There are people who claim that scientists are lying (possibly bribed to do so) or delusional (don’t understand their own science or are brainwashed to believe falsehoods). A very visible group of those people are people that are convinced that the earth is flat, and that everything that relates to spaceflights, naval navigation, map-making—and more—is faked.
The same people use GPS and mobile phones, but somehow believing that science is fake and still using the technology that depends on that science doesn’t cause any conflict in their thinking.
It is tempting to think that doing simple experiments to show that the belief in a flat earth is wrong would change their mind, but, anecdotally, in the majority of cases that doesn’t seem to work (certainly not on camera! or instantly!). (See for exceptions this page.)
What I find really disturbing to see in a discussion is how quickly they employ (without thinking) various cognitive strategies to deny or ignore contradictory evidence. In a discussion they only hear what they want to hear. Often they laugh at everything you say, and may counter not with arguments but with attacks on you as a person (since you’ve got all these deficiencies there’s no point taking you seriously or taking to you at all).
Flat-earthers show that a person can be utterly unable to doubt his or her conviction (even though a lot of them claim to be skeptics!) It reminds me of talking to a man with body dysmorphic disorder. He’d pinch the skin on his belly and say to me: “Look at all that fat! Just look at it!” (he had no discernable fat on his belly).
While the conviction that the earth is flat on itself seems somewhat harmless, it rarely is only that belief. Usually it is part of a whole range of conspiracy theories. Often people with these ideas are quite paranoid and think that pretty much the whole world is trying to hurt them or at least brainwash or deceive them. That can turn into dangerous scenarios.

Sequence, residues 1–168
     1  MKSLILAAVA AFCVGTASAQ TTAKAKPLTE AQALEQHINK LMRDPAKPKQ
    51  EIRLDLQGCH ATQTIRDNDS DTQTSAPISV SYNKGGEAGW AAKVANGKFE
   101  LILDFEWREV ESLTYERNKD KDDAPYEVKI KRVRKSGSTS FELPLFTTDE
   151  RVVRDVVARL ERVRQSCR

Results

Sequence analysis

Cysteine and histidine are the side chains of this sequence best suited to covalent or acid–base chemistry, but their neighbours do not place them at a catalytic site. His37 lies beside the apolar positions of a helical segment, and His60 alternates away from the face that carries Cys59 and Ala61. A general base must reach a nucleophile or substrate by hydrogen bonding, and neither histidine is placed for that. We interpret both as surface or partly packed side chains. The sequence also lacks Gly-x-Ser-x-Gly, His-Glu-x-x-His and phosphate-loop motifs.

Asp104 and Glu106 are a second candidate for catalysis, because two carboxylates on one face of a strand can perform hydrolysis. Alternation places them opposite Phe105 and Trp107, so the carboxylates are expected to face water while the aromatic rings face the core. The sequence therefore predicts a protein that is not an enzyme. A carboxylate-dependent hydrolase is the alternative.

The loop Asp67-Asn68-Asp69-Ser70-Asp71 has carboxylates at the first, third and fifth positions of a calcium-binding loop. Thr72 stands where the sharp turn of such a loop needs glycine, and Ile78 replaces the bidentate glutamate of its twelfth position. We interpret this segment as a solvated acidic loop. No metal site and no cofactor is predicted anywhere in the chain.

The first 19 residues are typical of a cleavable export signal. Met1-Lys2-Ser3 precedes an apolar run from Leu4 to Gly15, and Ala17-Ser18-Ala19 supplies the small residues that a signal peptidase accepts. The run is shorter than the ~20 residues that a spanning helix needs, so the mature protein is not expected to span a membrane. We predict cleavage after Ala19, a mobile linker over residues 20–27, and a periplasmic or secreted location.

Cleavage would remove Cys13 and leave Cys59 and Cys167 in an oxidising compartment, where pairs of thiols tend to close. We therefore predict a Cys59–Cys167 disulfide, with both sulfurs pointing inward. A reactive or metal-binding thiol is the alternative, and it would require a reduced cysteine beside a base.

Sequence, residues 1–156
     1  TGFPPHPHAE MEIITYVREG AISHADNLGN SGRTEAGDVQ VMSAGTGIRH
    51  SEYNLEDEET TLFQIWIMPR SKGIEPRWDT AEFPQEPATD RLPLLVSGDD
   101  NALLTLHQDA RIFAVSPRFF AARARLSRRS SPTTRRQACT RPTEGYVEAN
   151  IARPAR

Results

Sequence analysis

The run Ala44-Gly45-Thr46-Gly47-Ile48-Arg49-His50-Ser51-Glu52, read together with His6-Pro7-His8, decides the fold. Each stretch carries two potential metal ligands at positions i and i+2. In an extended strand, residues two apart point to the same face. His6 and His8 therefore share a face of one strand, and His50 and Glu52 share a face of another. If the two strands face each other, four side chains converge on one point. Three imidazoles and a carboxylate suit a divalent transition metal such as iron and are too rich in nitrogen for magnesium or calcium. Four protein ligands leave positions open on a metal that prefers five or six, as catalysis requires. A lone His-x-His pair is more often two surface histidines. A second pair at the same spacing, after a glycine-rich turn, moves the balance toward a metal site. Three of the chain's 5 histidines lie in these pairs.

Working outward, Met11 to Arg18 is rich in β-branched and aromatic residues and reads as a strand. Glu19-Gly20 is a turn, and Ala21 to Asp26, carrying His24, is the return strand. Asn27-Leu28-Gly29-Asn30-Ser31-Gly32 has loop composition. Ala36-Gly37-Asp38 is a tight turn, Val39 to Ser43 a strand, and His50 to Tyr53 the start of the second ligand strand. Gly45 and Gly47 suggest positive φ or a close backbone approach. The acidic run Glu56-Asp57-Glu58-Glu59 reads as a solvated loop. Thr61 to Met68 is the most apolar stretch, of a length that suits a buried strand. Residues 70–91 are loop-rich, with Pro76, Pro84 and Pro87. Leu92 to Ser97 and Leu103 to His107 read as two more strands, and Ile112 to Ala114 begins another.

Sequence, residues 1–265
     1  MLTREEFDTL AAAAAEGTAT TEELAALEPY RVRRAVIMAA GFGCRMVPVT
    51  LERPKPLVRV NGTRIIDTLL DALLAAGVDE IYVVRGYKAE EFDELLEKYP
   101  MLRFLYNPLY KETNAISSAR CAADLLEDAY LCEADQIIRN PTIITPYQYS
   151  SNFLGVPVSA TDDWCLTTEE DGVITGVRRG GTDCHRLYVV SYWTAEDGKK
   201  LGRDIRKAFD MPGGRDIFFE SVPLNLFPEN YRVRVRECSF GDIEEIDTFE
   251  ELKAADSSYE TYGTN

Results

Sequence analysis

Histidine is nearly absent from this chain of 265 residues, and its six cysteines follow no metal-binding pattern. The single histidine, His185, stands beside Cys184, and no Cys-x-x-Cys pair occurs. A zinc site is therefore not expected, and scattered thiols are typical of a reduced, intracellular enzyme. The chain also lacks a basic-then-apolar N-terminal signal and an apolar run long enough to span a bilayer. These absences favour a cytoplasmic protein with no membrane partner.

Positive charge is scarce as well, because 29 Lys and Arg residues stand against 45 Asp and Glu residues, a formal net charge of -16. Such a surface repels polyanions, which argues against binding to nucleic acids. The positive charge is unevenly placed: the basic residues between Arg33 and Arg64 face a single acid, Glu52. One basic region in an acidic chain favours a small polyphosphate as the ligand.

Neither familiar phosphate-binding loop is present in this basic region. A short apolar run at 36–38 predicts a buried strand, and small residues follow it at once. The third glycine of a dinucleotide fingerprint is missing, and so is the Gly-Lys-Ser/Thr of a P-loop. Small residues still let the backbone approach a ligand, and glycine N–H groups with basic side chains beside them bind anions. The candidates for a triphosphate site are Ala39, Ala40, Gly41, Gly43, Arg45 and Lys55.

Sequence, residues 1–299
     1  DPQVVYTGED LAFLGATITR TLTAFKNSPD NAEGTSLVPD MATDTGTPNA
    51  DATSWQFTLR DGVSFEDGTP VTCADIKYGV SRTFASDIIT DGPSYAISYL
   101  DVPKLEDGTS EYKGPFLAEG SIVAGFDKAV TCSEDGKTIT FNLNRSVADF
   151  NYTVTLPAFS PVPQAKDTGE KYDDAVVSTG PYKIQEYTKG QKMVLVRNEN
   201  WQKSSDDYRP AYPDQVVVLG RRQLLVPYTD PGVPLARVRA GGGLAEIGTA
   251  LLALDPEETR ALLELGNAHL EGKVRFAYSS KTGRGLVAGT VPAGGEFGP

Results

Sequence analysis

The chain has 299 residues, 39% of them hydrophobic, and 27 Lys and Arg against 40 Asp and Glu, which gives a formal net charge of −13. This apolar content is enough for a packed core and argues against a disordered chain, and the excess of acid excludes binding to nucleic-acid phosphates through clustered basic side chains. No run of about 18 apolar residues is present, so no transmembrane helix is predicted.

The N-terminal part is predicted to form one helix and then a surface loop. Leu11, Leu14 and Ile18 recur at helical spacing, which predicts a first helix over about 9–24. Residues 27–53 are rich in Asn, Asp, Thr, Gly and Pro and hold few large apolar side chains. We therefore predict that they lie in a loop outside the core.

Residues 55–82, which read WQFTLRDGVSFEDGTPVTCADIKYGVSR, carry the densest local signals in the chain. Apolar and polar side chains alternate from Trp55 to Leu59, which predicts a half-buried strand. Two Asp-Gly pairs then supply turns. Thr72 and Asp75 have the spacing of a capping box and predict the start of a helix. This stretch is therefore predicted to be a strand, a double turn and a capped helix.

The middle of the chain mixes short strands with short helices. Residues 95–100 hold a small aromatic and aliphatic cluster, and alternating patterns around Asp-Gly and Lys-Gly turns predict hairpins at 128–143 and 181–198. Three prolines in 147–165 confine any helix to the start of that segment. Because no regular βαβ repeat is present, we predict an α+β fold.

The way of thinking is analogous to that of truthers, anti-vaxers, climate change deniers, any sort of ideological or religious fundamentalism, etc. Often multiple conspiracy theories are embraced at the same time.
To get a taste of the mindset of people with this affliction, please watch this video:
In the video (real) skeptics and flat-earthers meet to observe two tests to show the curvature of the earth. The body language, quick denial and defections of the flat-earthers are all fascinating. One woman confessed that she didn’t watch the tests at all (which is of course the best way to prevent that one’s convictions are challenged).
There are countless videos on Youtube of flat-earthers claiming to have found the ultimate proof that it’s all a big conspiracy. I link to one of them, and a response video. Especially enlightening are the comments. See for example this interaction between the poster and person from Argentina trying to be helpful.
In the above text I tried to express how extremely disturbing I feel it is to see this mindset—especially because it’s not limited to flat-earthers. I find it difficult to put it into words. In the West anti-science thinking, superstition, and conspiracy thinking seems to be on the rise. In the rest of the world both superstition and conspiracy thinking seem even more pervasive. The mindset that involves this makes rational dialogue impossible, and undermines science. Everybody depends on science to make their life better, and yet religious people and anti-science thinkers seem to want to join to destroy all we’ve gained.